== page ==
Former U.S. Attorney Christopher Christie's top campaign officials went after the New York Times today in response to a story that a former Justice Department official may have used her position to help Christie's campaign for governor.
"I think a story by unnamed sources two weeks out from the campaign making allegations which are untrue – I don't think there's a lot of credence to that story – and it was not something I was expecting two weeks out form the New York Times," said Christie strategist Mike DuHaime.
DuHaime and state Sen. Joseph Kyrillos (R-Middletown), who chairs Christie's campaign, put together a press conference call this morning to talk about $87,000 in donations from Gov. Jon Corzine and his charitable foundation last year to the church of Rev. Reginald Jackson, who was courted by Christie but endorsed Corzine this month.
Kyrillos criticized Corzine for delaying filing his philanthropic foundation's tax returns, arguing that "There must be a reason why the information is not forthcoming. We have 14 days left before an election."
"Normally when people are generous, when they do philanthropy, they're proud of the fact… You would think he would want new Jerseyans to know what he has done, but there must be a reason he won't share it with his constituents," said Kyrillos.
But most reporters' questions focused on the Times story, which cited three unnamed federal law enforcement officials who said that former First Assistant U.S. Attorney Michele Brown may have tried to help Christie's campaign by suggesting moving up the date of the massive corruption sting in July and by holding up Freedom of Information Act (FOIA) requests made by the Corzine campaign.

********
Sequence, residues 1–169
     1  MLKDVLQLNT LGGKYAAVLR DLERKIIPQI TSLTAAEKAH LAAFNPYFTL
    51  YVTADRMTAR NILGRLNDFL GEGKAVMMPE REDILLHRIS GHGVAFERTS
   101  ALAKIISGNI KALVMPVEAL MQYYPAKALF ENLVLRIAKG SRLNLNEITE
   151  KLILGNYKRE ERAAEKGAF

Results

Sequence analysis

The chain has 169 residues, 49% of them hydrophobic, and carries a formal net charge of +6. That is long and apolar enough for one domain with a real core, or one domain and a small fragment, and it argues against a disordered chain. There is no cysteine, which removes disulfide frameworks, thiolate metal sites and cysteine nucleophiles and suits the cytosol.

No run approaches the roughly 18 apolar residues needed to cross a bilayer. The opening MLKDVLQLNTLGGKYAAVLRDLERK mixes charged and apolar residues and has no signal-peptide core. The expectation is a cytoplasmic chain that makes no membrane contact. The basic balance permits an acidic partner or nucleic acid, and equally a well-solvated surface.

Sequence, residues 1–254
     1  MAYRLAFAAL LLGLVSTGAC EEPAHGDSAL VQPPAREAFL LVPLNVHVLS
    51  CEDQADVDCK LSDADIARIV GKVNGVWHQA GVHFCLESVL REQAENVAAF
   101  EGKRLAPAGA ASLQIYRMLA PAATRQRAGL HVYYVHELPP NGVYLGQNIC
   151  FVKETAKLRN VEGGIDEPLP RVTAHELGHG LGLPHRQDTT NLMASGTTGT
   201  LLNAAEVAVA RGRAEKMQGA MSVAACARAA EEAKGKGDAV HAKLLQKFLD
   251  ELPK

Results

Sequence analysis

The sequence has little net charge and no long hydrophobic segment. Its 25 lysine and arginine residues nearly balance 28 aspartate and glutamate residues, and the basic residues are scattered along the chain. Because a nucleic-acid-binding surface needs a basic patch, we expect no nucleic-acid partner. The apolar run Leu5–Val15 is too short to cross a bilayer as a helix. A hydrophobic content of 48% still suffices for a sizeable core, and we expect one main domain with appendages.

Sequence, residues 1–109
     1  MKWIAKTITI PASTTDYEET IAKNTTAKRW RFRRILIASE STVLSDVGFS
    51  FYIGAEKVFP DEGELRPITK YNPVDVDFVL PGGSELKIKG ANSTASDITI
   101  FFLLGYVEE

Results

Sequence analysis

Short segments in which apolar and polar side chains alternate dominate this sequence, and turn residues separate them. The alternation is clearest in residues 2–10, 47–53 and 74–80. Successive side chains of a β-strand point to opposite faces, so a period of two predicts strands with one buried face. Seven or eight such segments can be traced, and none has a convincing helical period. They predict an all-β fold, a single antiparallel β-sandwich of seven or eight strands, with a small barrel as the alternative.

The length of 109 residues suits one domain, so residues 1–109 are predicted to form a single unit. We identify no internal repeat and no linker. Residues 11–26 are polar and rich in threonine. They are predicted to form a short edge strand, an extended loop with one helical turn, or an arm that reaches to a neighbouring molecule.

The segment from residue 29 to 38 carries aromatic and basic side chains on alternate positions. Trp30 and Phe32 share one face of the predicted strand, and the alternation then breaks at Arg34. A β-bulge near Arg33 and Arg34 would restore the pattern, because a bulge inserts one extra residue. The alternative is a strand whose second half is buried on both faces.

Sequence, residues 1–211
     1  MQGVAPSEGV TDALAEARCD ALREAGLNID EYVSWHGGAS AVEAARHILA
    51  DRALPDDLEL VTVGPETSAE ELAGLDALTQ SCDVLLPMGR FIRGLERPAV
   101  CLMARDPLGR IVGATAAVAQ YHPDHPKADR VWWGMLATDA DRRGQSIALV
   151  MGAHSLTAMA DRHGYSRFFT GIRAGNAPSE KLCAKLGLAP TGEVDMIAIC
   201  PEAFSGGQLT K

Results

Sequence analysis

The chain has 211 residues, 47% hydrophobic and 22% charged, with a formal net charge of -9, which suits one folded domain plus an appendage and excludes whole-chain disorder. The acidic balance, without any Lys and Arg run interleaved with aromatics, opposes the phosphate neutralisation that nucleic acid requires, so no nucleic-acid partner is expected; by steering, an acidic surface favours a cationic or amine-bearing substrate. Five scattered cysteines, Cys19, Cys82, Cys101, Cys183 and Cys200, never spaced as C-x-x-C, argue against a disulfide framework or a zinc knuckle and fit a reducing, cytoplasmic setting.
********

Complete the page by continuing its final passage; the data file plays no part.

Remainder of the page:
"The stories that have been written have not dealt with the issues of the campaign," said DuHaime. "They've dealt with issues like Chris's weight and his mother's sister's second husband's little brother's family connections."
DuHaime said that the story "left people with a false impression" by noting that Christie, an avid Mets fan, put in for mileage reimbursement to Philadelphia on the same night that the Mets were playing an away game against the Phillies. DuHaime said that Christie did go to the game, but as part of an annual outing for the Camden-based U.S. Attorney staffers.
Kyrillos, for his part, said that the paper ignored central issues to the governor's race (although one of their first stories on the race this year centered on Christie courting Corzine's urban base – and Jackson – on the issue of education).
"I'm just surprised that the New York Times, half of the editors of which live in Montclair or other parts of New Jersey, would cover this race the way they have," said Kyrillos. "I haven't seen one single story about the state's economy, one single story about the state's unemployment rate, one single story about why the unemployment rate is higher than New York or Connecticut or higher than other places where the paper circulates in a big way, and I'll leave it at that."